What Doesn’t Renters Insurance Cover?

Like most standard property insurance policies, renters insurance doesn’t cover the following:

Flooding, Earthquakes, and Sinkholes

These natural disasters aren’t covered by renters insurance. For areas where these events often occur (if you live near a fault line or your rental is in a flood zone), think about taking out additional coverage. Ask your agent about the weather events common to your area, and plan accordingly.

Maintenance Damage

Home insurance companies rule that it’s the policyholder’s responsibility to take precautionary steps to protect the rental from damage. So, policies will not cover incidents due to lack of maintenance or infestations — like mold or termites.

Big-Ticket Valuables

Expensive belongings like art, jewelry, and antiques may not be covered due to policy limits. All policies come with a coverage limit — some may be as low as $5,000. You can take out supplementary policies (called riders) to cover those valuables. Talk to your agent about this.

How Much Renters Insurance Coverage Do I Need?

To answer this question, you’ll need to make a list. Take out that pen and paper (or go paperless with the list-making app of your choice) and take an inventory of everything you own and every item’s value.

You should also take a picture or video of your rental and your most important belongings — that way you’ll have a lasting record of the stuff you’d want to replace.

Also, think through the big-ticket items you’ll need additional coverage for. (Yes, now is the time to insure that beautiful engagement ring).

Now, tally all of that up. If you can’t get a precise number, at least ballpark it. Your agent will need to know that number.

The valuation of your items will also impact whether you should go with an actual cash value policy (ACV) or a replacement cost value policy (RCV).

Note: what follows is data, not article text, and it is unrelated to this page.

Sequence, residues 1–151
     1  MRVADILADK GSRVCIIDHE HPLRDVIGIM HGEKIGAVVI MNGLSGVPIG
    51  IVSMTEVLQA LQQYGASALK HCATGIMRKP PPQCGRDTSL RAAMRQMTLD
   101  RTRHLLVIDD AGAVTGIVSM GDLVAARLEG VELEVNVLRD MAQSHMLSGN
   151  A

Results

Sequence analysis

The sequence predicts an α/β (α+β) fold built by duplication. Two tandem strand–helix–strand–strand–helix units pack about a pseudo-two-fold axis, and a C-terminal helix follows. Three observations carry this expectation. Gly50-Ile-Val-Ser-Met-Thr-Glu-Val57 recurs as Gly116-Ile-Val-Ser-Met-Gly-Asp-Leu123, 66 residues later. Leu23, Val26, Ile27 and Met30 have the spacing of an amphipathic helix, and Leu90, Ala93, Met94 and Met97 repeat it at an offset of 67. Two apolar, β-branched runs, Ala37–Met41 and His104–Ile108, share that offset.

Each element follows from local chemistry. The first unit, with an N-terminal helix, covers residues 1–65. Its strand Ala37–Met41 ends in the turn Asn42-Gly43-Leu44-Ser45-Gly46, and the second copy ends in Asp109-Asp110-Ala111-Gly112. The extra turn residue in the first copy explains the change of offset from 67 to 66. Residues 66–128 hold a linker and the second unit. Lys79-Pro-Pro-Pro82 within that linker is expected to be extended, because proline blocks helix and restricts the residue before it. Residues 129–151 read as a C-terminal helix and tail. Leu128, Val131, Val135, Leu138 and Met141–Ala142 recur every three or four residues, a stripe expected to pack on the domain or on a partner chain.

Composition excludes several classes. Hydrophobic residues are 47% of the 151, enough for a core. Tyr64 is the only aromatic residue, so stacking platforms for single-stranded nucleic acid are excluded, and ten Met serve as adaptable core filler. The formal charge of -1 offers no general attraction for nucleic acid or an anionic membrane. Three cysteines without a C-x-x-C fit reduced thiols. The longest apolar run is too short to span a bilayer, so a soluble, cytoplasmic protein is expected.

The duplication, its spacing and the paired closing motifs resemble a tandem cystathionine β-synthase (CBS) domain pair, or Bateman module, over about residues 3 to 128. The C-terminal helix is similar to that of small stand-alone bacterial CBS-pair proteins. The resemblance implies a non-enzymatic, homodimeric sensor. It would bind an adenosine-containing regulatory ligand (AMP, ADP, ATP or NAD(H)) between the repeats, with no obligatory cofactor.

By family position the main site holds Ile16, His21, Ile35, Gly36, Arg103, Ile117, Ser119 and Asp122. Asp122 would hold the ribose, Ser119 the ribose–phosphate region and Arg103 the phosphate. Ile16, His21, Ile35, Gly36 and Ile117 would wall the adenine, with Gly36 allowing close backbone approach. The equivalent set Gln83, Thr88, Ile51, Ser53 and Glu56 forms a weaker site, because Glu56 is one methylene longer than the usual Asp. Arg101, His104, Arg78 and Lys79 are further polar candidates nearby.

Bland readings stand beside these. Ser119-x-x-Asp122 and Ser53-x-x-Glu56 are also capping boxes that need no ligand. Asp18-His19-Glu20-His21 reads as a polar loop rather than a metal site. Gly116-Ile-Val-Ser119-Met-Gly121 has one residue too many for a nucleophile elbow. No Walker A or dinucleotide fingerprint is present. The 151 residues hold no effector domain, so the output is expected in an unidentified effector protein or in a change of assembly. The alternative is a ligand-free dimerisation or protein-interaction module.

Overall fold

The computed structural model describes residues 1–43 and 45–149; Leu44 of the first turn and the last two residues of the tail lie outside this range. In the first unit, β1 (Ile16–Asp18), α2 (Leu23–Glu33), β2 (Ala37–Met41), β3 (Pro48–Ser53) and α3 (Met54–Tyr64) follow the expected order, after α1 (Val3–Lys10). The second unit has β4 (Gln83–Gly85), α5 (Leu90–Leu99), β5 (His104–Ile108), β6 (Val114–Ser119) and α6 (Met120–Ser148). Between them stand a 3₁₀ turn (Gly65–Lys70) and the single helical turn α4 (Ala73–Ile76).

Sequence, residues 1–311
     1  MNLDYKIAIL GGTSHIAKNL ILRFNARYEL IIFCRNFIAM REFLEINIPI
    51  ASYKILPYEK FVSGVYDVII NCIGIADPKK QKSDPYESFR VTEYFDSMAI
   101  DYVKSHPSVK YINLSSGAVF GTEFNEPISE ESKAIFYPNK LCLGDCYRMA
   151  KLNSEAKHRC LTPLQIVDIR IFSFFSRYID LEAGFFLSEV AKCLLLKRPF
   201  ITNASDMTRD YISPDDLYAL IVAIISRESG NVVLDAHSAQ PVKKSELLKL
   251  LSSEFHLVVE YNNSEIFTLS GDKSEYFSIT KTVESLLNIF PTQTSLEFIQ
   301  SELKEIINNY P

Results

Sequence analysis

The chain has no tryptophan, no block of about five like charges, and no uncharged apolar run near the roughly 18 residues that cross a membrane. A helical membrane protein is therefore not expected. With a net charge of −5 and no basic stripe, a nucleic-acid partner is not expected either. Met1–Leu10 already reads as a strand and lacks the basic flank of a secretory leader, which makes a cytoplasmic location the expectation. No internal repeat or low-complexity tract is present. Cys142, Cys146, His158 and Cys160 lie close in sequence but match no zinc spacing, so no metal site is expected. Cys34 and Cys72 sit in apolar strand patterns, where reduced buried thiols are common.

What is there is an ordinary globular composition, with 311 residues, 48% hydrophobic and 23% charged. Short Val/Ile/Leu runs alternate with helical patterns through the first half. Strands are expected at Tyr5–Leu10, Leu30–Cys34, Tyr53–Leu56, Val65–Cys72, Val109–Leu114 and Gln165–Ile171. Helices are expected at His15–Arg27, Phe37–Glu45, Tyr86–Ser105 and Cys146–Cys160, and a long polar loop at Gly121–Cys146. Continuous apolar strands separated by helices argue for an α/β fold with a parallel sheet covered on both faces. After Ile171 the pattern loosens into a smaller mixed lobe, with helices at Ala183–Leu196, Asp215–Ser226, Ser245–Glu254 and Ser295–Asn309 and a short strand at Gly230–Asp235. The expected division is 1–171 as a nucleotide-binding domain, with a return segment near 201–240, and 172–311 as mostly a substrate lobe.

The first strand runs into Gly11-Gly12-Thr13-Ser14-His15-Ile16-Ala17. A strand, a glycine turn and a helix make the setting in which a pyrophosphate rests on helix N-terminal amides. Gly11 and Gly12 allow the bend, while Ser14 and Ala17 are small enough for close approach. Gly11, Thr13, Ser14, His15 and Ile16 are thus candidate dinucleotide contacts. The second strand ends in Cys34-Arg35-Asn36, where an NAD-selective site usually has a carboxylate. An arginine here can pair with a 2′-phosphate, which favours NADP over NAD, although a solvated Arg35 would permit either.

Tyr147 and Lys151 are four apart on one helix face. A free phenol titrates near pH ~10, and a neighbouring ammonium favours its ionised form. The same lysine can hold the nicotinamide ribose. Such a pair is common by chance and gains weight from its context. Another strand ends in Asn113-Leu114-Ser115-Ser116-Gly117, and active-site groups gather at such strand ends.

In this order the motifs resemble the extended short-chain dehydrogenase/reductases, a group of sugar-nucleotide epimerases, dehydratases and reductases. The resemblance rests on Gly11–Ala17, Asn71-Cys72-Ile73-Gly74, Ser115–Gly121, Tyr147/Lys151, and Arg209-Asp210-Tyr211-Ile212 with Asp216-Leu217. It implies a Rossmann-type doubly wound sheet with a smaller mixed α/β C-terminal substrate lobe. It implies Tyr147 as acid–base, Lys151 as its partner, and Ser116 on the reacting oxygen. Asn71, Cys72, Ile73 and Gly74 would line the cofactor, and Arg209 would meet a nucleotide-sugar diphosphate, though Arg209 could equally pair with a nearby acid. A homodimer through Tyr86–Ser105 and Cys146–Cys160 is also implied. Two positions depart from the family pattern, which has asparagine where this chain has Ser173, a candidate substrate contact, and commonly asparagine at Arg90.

• ACV: Under this type of policy, insurers will pay out the depreciated value of an item. The payout will likely be less than market value and it could cost you more money to replace the item. Note: ACV policies often have lower premiums.
  • RCV: This type of policy pays to replace your lost or damaged belongings with a similar item at the current market value. The payout would be enough to replace your item.

What Will My Deductible Be?

That will depend on the policy you choose. A renters insurance deductible is the amount you will have to pay if you file a claim. The higher the deductible, the lower the monthly premium — but the more you’ll have to pay should the worst case scenario actually occur.

Think through your budget and your risk comfort level. How much of a monthly premium can you afford? Are you able to pay out of pocket if theft or damage actually happens?

How Can I Save on Renters Insurance?

We’re glad you asked! One pretty reliable way to save would be to bundle your renters insurance with your auto insurance. Contact your auto insurance provider and see if there’s a discount!

But don’t just stop there. Shop around.

Whether you want to hire a broker to do the leg work for you or you feel internet savvy enough to do it yourself, get multiple quotes. You have the power and the ability to find the best deal.

The Bottom Line: 

Don’t wait to own a house before you insure your belongings. For a small premium, you can have peace of mind that your belongings are covered, you have liability protection, and you have a safety net if accident or disaster makes your home uninhabitable.

Your landlord’s insurance only goes so far. Take steps to protect what you and your family value most.